Do public authorities have a duty to supply vegan food?
This week Vegetarian for Life Chief Executive, Amanda Woodvine, was a guest speaker at the All-Party Parliamentary Group on Vegetarianism and Veganism.
The quarterly meeting, which is held at the Houses of Parliament, focuses on working towards changing laws for the betterment of vegans and vegetarians.
This session looked at public procurement – and whether public authorities have a duty to supply vegan food.
Along with Amanda, special guest speaker Nuno M. Alvim, president of the Portuguese Vegetarian Association also spoke at the meeting, which was chaired by MP Christina Rees.
He, along with his group and a petition of 15,000 residents in Portugal, was able to change to law to ensure that public authorities are now legally obligated to provide vegan meals in schools, hospitals and prisons.
Speaking at the meeting he spoke about why they had been successful – and said the support of the public, attention from the media which then went on to support their campaign, and also the Ministry of Health backed their pleas for healthier options. The law was eventually changed after a year of petitioning in June 2017.
He said: “Some said what we did was groundbreaking. Other countries have got in touch and want to replicate what we did in their own country and of course we want to help.”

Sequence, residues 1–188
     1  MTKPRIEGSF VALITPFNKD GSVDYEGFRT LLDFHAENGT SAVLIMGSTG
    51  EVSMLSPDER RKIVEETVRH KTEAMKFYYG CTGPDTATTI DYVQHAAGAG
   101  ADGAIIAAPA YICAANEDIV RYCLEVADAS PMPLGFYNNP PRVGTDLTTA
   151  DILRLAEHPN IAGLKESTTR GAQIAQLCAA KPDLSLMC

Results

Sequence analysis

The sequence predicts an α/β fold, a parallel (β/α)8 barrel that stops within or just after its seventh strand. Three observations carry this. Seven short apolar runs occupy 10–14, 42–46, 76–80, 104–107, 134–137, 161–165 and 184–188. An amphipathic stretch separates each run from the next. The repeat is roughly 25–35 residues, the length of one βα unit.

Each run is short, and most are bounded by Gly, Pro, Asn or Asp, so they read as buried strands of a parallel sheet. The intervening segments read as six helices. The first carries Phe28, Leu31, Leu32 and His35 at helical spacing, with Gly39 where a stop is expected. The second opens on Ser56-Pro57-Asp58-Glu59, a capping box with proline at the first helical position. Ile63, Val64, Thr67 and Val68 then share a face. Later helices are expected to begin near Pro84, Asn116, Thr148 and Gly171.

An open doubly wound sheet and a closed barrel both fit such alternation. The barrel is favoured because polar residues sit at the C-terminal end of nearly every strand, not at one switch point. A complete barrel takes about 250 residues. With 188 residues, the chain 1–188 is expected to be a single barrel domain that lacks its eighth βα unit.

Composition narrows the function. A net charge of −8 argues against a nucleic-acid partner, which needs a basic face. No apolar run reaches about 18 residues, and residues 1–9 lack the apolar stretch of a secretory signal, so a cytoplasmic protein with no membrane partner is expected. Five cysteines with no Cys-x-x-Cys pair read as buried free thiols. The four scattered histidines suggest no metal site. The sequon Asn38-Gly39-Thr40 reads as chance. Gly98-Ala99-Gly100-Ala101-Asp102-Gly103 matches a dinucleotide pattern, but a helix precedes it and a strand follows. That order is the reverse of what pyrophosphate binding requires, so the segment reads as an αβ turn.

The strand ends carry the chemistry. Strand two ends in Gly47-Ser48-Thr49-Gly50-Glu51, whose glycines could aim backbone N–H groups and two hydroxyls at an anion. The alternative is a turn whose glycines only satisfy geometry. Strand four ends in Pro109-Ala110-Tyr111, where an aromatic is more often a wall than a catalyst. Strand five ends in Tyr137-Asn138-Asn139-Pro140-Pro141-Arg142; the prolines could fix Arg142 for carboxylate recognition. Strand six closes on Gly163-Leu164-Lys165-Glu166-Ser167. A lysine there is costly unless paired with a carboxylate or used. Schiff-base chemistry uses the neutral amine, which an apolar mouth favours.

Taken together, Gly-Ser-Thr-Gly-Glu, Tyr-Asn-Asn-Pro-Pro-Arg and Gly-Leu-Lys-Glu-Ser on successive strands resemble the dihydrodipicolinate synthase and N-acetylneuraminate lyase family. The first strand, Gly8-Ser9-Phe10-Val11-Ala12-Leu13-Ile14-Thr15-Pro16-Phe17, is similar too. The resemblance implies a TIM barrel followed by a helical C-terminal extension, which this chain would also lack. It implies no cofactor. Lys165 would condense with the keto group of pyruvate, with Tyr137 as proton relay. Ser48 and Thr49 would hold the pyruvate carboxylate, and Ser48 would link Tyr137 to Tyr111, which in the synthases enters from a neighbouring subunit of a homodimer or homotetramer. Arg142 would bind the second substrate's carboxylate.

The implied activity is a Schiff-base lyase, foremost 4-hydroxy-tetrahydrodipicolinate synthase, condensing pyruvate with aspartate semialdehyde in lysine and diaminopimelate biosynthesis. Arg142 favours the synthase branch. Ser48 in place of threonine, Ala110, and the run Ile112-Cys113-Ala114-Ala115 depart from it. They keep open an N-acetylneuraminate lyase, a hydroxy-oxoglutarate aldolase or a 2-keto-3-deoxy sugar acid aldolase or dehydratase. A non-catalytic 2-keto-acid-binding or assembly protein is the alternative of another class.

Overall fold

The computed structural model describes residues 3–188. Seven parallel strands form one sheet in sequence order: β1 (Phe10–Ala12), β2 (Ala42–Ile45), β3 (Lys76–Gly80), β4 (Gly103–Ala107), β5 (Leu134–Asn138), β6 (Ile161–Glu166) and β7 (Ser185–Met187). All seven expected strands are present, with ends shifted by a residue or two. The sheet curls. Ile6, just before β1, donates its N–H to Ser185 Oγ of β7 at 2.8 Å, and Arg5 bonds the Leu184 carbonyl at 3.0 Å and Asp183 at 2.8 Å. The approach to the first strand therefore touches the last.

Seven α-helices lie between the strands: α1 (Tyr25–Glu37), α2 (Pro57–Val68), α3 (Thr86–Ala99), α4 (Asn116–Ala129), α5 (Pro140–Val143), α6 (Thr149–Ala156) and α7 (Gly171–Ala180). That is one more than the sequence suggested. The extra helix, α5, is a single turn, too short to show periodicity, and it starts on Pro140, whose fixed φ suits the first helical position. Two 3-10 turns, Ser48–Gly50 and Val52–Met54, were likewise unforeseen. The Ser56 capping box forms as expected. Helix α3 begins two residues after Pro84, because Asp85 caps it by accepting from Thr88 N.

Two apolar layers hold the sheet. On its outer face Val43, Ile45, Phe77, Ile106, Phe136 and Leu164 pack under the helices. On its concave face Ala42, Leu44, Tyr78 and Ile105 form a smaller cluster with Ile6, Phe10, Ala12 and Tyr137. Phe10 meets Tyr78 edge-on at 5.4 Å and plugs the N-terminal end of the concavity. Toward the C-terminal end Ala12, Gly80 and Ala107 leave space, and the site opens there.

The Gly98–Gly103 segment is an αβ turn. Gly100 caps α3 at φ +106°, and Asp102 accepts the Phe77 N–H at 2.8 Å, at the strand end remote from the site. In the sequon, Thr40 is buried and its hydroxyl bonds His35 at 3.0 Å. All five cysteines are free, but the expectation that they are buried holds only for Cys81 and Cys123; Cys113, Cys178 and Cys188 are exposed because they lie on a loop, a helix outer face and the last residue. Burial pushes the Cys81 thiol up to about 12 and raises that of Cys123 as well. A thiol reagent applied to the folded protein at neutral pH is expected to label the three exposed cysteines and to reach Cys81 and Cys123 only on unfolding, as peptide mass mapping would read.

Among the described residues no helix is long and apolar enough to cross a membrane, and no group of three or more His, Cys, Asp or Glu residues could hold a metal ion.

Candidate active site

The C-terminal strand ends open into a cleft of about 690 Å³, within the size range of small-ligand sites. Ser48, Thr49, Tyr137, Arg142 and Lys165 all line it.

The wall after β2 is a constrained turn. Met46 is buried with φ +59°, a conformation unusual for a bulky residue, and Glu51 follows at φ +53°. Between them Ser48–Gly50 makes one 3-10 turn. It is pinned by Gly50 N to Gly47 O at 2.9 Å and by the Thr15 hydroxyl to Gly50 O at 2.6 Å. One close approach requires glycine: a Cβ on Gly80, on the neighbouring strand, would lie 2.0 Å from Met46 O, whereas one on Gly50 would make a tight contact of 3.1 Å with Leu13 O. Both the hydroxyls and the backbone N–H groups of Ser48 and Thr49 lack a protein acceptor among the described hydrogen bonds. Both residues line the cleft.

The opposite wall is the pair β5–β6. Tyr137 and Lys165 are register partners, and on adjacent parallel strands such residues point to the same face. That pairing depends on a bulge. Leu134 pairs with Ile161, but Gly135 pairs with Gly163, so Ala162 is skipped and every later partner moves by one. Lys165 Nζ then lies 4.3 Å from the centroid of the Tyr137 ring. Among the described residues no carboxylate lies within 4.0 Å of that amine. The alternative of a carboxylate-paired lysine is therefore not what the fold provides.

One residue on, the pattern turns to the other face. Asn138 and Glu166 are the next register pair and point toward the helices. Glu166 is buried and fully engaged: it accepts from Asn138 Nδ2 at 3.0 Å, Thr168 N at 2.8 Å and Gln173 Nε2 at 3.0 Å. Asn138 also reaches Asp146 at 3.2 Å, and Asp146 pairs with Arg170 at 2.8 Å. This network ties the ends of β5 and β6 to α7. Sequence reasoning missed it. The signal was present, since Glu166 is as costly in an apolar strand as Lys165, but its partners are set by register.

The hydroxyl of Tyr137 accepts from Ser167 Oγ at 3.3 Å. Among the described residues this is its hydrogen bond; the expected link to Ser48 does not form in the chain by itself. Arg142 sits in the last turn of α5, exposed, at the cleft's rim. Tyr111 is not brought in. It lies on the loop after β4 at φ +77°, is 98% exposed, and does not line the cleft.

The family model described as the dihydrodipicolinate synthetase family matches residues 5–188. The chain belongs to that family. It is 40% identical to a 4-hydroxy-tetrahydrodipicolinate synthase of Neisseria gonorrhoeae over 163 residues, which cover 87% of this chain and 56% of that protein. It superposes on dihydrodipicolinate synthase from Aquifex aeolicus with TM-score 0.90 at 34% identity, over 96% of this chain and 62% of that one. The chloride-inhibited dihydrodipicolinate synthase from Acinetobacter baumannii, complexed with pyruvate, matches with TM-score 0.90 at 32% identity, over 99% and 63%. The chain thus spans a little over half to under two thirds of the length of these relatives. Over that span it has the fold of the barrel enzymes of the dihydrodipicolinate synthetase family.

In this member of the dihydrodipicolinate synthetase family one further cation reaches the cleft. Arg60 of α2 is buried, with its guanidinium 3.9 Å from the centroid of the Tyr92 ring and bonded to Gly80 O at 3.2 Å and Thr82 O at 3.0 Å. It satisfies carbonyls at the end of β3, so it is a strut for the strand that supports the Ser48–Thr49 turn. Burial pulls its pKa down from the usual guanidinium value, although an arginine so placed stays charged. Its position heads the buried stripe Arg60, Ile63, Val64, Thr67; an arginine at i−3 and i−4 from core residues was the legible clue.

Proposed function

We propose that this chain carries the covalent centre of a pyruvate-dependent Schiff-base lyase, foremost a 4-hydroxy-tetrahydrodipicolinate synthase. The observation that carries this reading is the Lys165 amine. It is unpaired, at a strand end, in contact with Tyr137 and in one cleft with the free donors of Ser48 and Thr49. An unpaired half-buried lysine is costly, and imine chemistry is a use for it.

Amanda spoke about how care homes in the public sector are on their way to ensuring more vegan meals.
She said that HC-One, which has over 300 care homes in the UK have adopted vegan options and have been surprised by the uptake of the plant-based meals. Amanda added that there has been a 10 per cent rise in residents requesting plant-based alternatives.
She also detailed that Bidfood, one of the largest food care suppliers in the UK, have now introduced a fully vegan range of over 200 products. Amanda said: “It has never been easier for public authorities to offer vegan alternatives.”
Dave Oliver, head of catering for Her Majesty’s Prison and Probation Service, also attended the meeting. He detailed the vegan options that are currently available for inmates. He said: “We are on the right lines and listening all the time.”
Mark Banahan, campaigns and policy officer for The Vegan Society, and Amy Odene, campaign manger at ProVeg UK, also spoke about their recent campaigns trying to urge schools and hospitals to also adopt more plant-based options on the basis of health for younger people and childhood obesity.
Chair Christina Rees added she was ‘optimistic’ about the progression of this topic.
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